This figure may in fact be misleading: inequality is probably rising even more sharply. Many rich people have bank accounts abroad and find legal ways to avoid paying taxes. For instance, while people working in the ‘old economy’ pay all taxes, IT companies are asking the Belarusian authorities to prolong already existing tax benefits for IT businesses and give them even more. Exacerbating the situation, anywhere from 10 to 25 per cent of the working population in Belarus operates in the shadow economy, according to the Solidarity with Belarus Information Office. The state is unable to redistribute wealth from this sector to those most in need.
In response to this crisis, foodsharing is gaining popularity in some parts of Belarusian society. People share posts on vk.com, the most popular social network in Belarus, offering food they want to give away. It usually only takes several minutes for someone to make a claim. Some people are even willing to go from one end of Minsk to another just for a meal. The largest foodsharing page on social media now has more than 8,000 followers.
Two causes of poverty
The World Bank sets out four important factors which contribute to poverty: younger age, living in the countryside, unemployment, and low education. In the case of Belarus, employment and region of residence seem to be the most important.
Unemployment certainly remains the deciding factor, as Belarus lacks a proper system of social protection for the unemployed and obscures the real unemployment rate. Welfare benefits for the unemployed range from $12 to $24, and ‘less than 10% of unemployed people actually receive them’, says economist Aliaksandr Chubrik.
Thus, this winter’s social parasite protests should come as no surprise: people are simply not making enough money to live. Protestors in 12 Belarusian towns marched against a Belarusian tax on unemployment, gathering around 20,000 demonstrators. Many people linked the end of the protests to the fact that the weather improved and people went to their ‘dachas’ in the countryside. However, summer houses are not just a place to relax when it’s hot: an IPM Research Centre study shows that the share of income from part-time farming is growing everywhere in Belarus, even in Minsk.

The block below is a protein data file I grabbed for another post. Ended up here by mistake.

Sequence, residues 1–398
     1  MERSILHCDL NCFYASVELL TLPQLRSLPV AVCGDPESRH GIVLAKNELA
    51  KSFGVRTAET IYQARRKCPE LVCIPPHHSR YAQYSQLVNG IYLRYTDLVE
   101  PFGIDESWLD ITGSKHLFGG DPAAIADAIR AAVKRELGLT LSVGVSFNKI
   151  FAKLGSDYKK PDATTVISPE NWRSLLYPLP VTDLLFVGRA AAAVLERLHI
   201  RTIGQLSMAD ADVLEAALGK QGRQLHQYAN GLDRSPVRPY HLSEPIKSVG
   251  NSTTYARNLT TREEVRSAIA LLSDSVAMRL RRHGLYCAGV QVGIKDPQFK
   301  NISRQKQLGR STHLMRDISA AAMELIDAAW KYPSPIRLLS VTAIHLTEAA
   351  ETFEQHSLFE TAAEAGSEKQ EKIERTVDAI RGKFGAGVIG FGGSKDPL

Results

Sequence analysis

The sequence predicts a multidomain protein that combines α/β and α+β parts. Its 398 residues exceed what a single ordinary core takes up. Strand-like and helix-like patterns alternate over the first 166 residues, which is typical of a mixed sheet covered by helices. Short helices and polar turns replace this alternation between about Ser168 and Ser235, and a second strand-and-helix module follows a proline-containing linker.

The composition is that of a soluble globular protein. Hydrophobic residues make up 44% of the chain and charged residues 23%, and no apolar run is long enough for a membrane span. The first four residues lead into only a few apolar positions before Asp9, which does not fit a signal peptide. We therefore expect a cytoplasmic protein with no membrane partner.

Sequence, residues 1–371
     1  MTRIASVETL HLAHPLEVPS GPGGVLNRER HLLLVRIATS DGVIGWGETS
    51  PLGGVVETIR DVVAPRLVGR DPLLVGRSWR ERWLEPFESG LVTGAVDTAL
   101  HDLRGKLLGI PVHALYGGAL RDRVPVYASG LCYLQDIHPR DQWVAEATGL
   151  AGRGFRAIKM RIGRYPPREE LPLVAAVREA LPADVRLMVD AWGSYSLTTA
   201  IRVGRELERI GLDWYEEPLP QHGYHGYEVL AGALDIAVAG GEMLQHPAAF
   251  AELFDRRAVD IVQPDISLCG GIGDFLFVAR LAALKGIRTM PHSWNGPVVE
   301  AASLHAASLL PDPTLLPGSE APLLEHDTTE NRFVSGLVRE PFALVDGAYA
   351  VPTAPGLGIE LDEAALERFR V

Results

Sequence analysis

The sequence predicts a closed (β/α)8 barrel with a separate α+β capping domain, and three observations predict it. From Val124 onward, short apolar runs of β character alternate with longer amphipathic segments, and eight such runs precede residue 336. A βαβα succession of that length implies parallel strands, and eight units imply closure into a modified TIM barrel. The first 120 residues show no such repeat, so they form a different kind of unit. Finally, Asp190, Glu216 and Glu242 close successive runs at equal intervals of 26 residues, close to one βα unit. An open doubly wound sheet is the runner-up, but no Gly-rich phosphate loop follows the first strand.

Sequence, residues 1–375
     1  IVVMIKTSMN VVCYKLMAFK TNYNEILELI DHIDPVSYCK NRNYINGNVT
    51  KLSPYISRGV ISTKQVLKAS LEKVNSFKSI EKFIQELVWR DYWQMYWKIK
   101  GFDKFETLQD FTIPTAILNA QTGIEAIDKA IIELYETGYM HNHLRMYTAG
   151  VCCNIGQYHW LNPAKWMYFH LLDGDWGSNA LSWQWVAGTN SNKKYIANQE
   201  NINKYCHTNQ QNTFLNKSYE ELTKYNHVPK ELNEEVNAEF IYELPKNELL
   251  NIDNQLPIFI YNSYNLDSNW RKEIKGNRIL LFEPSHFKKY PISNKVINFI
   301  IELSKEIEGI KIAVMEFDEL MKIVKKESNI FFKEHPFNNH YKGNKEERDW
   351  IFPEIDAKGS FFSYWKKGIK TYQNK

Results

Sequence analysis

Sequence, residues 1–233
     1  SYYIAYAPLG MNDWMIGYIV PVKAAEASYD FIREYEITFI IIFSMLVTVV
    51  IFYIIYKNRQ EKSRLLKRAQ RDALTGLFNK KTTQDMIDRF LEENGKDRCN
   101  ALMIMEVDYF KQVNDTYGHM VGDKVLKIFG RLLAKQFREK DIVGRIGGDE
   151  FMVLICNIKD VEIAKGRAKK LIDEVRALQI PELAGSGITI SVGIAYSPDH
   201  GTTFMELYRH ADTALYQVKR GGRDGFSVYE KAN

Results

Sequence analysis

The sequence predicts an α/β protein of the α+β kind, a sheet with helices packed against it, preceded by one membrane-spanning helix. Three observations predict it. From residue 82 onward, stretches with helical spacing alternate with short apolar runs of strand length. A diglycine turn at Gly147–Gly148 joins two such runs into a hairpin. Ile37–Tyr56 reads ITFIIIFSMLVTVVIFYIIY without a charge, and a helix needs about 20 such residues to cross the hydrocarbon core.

Place of residence is another important factor influencing the poverty rate. Roughly speaking, the more one’s place of residence looks like Minsk, the less likely one is to be very poor. According to official data, in Minsk the poor comprise 1.4% of all households; in Homiel Region the figure is 5.9%.
In most countries, residents of the capital tend to be wealthier, but it seems that many Belarusian regions, especially villages, cannot free themselves of the cycle of poverty. Although the government aims to mitigate the standard of living discrepancy between the regions and the capital, in practice, the gap between Minsk and other parts of Belarus keeps widening.
‘Let them find a second job’
Belarusian laws and the statements of officials suggest that the authorities have little empathy towards Belarusian poor people.
The Belarusian authorities’ response to the economic crisis is to shift the burden on ordinary people. For example, instead of supporting the unemployed, Belarusian authorities tax them. Recently, Aliaksandr Lukashenka stated said that a new version of the decree on social parasitism would be ready by 1 October.
Moreover, this year the authorities started incrementally raising the retirement age, and the payment of utility tariffs increased by one-third in 2016, according to the Ministry of Economy. Although these measures may be wise economically, they are not driven by a belief in liberalism. Instead, they simply reorganise the social functions of the state to hit the poorest. It is unlikely that the Belarusian authorities will introduce real free-market reforms.
More evidence of the authorities’ lack of interest in helping people is statements by government officials. For example, according to Lukashenka: ‘only the lazy in Belarus cannot earn enough money’. Mariana Shchotkina, a former Minister of Labour and Social Protection, advised Belarusians to find a second job, as ‘93% of Belarusians have only one job.’
Such statements, of course, do nothing for the government’s image. However, as voting in Belarus is merely a formality, officials are unlikely to suffer any consequences.